Since we’re on the subject of concussions, it would be good to start with the signs and symptoms you might notice if your child suffers a concussion. Headache is one of the most common symptoms, and can be accompanied by nausea, vomiting, dizziness, and sensitivity to light and sound. Do those symptoms sound familiar? Migraine headaches have much in common with the symptoms of a concussion.
The reason I mention that is because I occasionally see an athlete presenting these symptoms who doesn’t mention getting a head injury until I specifically ask them about it. Concussion symptoms can evolve over the initial 12 to 24 hours following a blow to the head, so don’t be fooled into thinking your child does not have a concussion because they denied having any symptoms when the actual injury occurred. I have often wondered if this is due to adrenaline or the excitement of the moment – similar to feeling all the aches and pains the next day after a sporting event.
People affected by a concussion also have a lot of cognitive symptoms. One of the most common ones I hear about is feeling like they are “in a fog” and that they struggle with concentration; parents may even notice that they look dazed. They may have difficulty remembering things, and sometimes do not even recall the concussion itself or the period of time before or after it. Sleep is commonly affected – often times sleeping much more than usual. A concussed athlete can also be very emotional or irritable.
Rest, and Rest Some More
As you can see, the brain has a lot of different ways of showing us that it has been affected by the concussion. So how can we get things back to normal? Rest is the key and involves both physical and mental rest. The physical rest is relatively straight foreword – the athlete cannot participate in sports, even practices, until they have been cleared to do so by their doctor. Mental rest is harder, because as any student athlete knows, the classroom doesn’t take a break when an injury happens. But any modifications we can make in the athlete’s daily routine (even simple things like having extra time for assignments, postponing big tests, or getting help with notes) can make a big difference in their eventual recovery time.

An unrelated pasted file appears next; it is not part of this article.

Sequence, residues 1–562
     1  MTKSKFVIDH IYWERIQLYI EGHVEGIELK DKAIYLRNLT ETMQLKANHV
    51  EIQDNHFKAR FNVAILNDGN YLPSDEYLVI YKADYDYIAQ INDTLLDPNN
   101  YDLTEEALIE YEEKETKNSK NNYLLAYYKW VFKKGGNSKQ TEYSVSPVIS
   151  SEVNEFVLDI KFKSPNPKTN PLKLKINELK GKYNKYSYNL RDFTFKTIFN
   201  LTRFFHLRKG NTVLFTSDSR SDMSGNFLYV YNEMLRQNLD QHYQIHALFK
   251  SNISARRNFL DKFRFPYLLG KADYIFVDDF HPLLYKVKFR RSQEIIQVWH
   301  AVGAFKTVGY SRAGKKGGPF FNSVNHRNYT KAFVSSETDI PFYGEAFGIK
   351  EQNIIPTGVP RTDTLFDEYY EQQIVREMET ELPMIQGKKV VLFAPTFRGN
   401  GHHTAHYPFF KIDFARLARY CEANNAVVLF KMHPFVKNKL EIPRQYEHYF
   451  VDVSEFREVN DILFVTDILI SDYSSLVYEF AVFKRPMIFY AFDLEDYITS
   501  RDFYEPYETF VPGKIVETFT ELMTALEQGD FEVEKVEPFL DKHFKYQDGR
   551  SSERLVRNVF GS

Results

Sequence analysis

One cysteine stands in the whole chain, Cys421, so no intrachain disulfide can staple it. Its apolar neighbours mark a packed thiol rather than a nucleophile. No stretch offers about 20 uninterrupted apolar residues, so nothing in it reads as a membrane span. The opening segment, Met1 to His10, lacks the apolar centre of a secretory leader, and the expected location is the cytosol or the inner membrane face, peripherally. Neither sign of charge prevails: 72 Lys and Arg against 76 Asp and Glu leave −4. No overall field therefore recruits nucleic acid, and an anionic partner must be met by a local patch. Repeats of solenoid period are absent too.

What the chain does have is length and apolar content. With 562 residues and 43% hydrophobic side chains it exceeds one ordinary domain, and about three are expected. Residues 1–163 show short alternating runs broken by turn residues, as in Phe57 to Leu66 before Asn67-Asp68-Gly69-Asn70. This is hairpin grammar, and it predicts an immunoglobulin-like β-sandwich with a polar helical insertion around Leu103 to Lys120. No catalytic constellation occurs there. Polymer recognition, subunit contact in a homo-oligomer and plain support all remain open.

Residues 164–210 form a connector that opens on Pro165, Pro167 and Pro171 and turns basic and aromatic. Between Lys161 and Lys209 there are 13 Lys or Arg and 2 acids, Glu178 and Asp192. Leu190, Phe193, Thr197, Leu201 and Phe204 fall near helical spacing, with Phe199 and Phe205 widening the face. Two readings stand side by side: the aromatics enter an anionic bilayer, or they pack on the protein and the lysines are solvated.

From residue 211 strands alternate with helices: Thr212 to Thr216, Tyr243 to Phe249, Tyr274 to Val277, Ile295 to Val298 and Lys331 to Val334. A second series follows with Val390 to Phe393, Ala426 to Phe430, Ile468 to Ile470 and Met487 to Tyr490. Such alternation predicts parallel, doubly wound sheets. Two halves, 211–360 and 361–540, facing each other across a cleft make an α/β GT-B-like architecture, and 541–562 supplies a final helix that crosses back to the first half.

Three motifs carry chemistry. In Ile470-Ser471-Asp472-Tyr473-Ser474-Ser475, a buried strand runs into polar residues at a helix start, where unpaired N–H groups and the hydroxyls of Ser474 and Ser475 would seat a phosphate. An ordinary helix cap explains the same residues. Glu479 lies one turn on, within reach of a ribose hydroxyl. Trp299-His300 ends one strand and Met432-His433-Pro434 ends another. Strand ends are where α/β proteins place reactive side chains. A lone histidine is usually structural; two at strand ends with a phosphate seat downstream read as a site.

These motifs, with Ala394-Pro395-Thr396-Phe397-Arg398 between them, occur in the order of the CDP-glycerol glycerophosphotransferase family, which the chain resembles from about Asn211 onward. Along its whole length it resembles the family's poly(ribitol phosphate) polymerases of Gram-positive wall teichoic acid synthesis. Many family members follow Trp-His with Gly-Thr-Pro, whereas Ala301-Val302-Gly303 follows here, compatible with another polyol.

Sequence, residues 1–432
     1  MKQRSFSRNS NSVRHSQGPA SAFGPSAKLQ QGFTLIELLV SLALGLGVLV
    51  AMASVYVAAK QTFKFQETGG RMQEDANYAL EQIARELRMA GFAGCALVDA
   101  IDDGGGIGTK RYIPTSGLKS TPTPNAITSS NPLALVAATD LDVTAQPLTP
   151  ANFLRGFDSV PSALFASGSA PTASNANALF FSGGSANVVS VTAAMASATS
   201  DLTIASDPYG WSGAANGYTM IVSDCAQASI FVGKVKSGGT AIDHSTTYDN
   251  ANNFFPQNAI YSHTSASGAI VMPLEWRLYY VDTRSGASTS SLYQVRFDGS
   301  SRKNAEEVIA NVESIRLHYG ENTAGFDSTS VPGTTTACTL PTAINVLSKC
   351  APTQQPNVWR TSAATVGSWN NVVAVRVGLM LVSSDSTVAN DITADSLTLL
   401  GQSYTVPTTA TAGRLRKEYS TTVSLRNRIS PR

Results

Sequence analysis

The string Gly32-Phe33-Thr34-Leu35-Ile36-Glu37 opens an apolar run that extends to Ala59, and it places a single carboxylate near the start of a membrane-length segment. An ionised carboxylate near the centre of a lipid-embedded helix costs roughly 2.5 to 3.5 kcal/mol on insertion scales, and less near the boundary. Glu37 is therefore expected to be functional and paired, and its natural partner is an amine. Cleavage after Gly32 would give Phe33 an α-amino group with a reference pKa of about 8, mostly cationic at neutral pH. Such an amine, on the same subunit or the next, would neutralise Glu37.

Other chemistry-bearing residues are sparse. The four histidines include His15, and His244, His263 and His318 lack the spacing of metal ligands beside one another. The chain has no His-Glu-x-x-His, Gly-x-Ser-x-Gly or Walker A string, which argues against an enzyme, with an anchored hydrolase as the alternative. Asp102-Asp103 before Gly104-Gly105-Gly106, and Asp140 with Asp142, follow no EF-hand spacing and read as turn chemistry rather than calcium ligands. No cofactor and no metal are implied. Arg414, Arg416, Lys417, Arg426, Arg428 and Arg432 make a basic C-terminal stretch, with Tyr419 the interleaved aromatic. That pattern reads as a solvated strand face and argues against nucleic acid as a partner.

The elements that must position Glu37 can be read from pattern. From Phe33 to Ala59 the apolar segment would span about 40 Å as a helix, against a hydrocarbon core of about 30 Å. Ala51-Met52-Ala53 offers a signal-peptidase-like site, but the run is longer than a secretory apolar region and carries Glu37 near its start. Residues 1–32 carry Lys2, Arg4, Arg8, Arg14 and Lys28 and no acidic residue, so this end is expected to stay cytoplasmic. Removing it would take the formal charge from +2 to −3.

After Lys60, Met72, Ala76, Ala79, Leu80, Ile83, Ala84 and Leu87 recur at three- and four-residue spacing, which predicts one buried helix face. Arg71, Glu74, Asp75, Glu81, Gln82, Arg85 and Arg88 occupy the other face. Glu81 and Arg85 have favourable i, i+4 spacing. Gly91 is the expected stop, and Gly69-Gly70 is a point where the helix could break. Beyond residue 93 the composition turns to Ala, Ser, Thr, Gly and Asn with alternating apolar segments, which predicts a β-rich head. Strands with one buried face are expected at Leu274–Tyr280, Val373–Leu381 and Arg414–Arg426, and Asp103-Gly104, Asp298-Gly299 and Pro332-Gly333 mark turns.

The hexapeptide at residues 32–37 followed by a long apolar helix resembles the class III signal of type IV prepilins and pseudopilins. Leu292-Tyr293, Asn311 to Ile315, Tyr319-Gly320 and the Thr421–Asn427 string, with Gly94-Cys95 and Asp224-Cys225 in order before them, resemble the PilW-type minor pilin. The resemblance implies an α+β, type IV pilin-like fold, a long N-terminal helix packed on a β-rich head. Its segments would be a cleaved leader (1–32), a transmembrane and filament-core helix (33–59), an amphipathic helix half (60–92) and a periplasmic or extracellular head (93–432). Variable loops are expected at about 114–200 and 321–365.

As I mentioned in my last post, the time for recovery averages 10-14 days for high-school aged athletes. But that time is unique to each athlete, and each injury. I have seen concussion symptoms resolve in just a few days, and I have had athletes who took months to recover from their concussion.
Getting Back to the Game
So how does your doctor know for sure when the athlete is ready to return to the field? The history and the physical exam performed in the office are the biggest parts of that decision. Other factors also play a role – such has how many concussions the athlete has had, or the presence of any other medical conditions that may pose an increased risk for prolonged recovery. One useful tool we now have at our disposal is ImPACT – a computerized test that tells us a lot about how the brain is working. ImPACT was not designed to be the sole determining factor in a return-to-play decision, but it can aid in that discussion.
The bottom line when it comes to concussions in youth sports is that we are dealing with a young athlete, one whose brain is continuing to grow and develop. We learn more about concussions all the time, but there is still a lot we don’t know when it comes to young athletes and the long-term effects of concussions. This is something to be taken seriously, especially when we see more and more professional athletes whose lives have been adversely affected by a history of concussions throughout their careers.
These young athletes have long lives ahead of them. Let’s help keep them as safe as we can! If you have any questions about concussions, or if you are concerned your child may have suffered a concussion, I encourage you to talk with your doctor about it. Long gone are the days when it was okay to just “shake it off.”